When you rush to your car in the morning, the only thing you need to unlock it and switch it on is a piece of metal with a computer chip. That’s your car key.
Anyone with the key can use your car. It’s certainly possible to make your car more secure, and resistant to anyone but you driving it. But does that make sense for something that’s meant to be driven many times a day, and often entered or exited at moment’s notice?
Security versus convenience is a sliding scale. It’s a trade-off that we make several times during the course of the day. Service providers and product manufacturers think about this trade-off all the time too.
For instance, at Xpress Money, we’re absolutely committed to great customer service and rapid transactions. At the same time, we have Know Your Customer (KYC) and security regulations to meet. Hence why our frontline teams are regularly trained to reconcile the two: give people rapid service with a smile while fulfilling security needs.
So how do you decide where to land on the security vs. convenience sliding scale? A good way of starting is by thinking about the consequences of a breach. Your car probably doesn’t need world-class security; having it stolen is inconvenient but will not ruin your life. But consider what might happen if someone managed to access all your emails – and then locked you out of your own account. Move further along the consequence scale and imagine someone getting into your bank accounts and authorising transactions on your behalf. That would be a life-changing event, and in a negative way.
So, cars can be convenient. Your password to the online flower merchant can afford to be something easy you’ll remember. But access to online banking must be carefully guarded.
For sensitive applications, most security protocols ask for two-step verification – where a clearance code is sent to your phone when you enter the right password. Alternatively, it could be presenting two different forms of ID, or being asked security questions.
Strong passwords and two-factor verification aren’t the most convenient way of going about your day. Many people create complex passwords that they then have to write down, which rather defeats the purpose. And getting SMSes to your phone with authorisation pins after entering the right password is a tad cumbersome and time consuming.
Fortunately, there is a third way – tech-driven innovation in biometrics. In the early 2000s biometrics – using physical characteristics such as faces, hand geometry and iris scans to verify identity, were somewhat nascent and still a bit hit and miss.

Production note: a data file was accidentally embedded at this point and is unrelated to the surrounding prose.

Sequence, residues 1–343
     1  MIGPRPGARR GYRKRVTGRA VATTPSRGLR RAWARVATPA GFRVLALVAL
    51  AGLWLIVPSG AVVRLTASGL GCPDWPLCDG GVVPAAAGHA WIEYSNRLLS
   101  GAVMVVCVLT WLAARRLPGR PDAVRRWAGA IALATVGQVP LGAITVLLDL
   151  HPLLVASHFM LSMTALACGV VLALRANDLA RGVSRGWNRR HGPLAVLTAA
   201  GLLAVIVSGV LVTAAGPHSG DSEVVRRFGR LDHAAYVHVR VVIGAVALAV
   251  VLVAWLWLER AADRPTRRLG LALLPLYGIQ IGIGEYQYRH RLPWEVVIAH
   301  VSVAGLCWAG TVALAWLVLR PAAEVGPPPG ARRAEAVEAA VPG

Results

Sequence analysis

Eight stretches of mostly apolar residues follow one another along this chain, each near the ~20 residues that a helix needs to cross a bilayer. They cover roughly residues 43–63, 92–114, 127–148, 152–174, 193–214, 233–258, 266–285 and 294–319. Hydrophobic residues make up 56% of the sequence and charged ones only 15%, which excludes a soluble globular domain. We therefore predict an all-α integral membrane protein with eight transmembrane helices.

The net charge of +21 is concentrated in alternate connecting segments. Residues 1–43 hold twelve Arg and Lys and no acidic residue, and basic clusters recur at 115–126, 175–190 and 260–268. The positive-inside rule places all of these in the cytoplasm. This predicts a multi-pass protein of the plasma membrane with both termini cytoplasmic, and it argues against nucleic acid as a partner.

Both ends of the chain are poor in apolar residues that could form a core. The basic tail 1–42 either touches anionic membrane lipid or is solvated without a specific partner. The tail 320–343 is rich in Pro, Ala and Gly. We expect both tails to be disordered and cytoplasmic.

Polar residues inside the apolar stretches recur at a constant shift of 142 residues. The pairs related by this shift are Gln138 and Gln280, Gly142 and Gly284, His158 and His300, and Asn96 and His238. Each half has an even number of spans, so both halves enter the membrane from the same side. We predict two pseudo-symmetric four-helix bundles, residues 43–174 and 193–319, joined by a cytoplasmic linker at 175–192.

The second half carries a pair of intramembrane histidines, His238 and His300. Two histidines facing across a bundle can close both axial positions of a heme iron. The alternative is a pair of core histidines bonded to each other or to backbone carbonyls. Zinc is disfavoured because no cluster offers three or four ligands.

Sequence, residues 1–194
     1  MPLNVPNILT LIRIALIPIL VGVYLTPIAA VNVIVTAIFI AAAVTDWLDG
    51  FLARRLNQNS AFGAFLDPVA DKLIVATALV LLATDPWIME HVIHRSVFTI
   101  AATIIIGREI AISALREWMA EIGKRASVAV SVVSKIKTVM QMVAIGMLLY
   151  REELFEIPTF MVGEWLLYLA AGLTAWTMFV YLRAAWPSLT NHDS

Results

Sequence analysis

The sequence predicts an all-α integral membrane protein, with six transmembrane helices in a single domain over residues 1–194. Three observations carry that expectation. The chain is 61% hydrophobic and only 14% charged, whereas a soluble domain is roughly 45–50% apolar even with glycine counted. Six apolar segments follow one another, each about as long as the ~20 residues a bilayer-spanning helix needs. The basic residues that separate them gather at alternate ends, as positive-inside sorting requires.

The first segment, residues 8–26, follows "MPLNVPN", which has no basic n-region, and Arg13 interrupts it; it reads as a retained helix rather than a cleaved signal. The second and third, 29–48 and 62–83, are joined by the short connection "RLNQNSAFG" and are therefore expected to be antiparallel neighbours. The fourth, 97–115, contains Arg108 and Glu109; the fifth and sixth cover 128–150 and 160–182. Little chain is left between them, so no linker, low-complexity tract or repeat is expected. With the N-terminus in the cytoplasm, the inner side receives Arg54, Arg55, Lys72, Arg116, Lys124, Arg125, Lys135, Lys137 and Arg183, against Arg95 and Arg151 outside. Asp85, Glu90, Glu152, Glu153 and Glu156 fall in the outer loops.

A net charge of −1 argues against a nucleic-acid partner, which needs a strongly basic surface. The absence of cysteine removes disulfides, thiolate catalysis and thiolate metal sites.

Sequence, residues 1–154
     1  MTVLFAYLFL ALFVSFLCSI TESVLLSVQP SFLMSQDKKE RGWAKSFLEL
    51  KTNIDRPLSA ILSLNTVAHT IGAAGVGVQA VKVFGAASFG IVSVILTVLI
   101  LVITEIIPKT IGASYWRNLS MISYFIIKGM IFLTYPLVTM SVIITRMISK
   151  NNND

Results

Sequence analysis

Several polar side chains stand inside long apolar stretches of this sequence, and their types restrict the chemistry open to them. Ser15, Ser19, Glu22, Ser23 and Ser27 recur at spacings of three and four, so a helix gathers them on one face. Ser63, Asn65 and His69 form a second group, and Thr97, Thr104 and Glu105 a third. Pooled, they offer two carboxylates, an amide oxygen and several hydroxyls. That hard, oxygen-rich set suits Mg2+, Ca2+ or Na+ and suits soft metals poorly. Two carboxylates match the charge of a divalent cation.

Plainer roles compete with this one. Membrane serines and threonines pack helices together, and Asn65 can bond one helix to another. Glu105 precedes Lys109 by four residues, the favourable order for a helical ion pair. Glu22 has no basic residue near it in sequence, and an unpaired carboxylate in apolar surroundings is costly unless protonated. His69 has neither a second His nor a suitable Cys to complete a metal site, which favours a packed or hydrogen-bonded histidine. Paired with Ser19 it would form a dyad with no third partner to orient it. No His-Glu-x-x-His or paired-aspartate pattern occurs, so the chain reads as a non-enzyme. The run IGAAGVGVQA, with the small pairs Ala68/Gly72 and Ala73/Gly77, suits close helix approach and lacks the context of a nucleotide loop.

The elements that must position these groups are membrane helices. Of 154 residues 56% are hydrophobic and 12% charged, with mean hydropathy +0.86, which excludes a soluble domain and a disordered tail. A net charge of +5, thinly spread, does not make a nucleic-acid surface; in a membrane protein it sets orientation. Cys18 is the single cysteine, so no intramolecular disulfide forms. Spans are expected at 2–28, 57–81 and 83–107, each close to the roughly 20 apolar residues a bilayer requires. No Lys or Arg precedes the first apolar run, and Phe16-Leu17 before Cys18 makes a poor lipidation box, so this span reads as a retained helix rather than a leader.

Fast-forward to 2017, and you’ll come across adoption milestones where most smartphones in the market are using fingerprint scanners to unlock them. Not only has the technology become robust enough for regular use but also cheap enough to be mass-produced. While security experts have warned that fingerprint scanners can be fooled, Apple has noted that the change of a false match on its fingerprint system was 1 in 50,000 with just one fingerprint enrolled1. Those aren’t bad odds for a device that users unlock around 80 times a day 2. The point is – a spymaster could ostensibly fool your phone with fake fingerprints, but chances are your phone and its contents just aren’t valuable enough. If they were, you’d give up convenience for far more security.
The newest development in this age-old debate between security and convenience is the new Face ID scanners on the iPhone X. It’s still early days, but it seems like the technology offers great convenience mated to a high level of security. Early testing shows the scanners are not fooled by two-dimensional pictures, masks and other subterfuge – although apparently identical twins can game the system.3
So here’s the bottom line: As long as you don’t have an evil twin determined to hack your phone, it’s safe to say that modern biometrics are just about good enough to keep your data and information safe. But for more sensitive applications, you’d still need to head for multifactor authentication.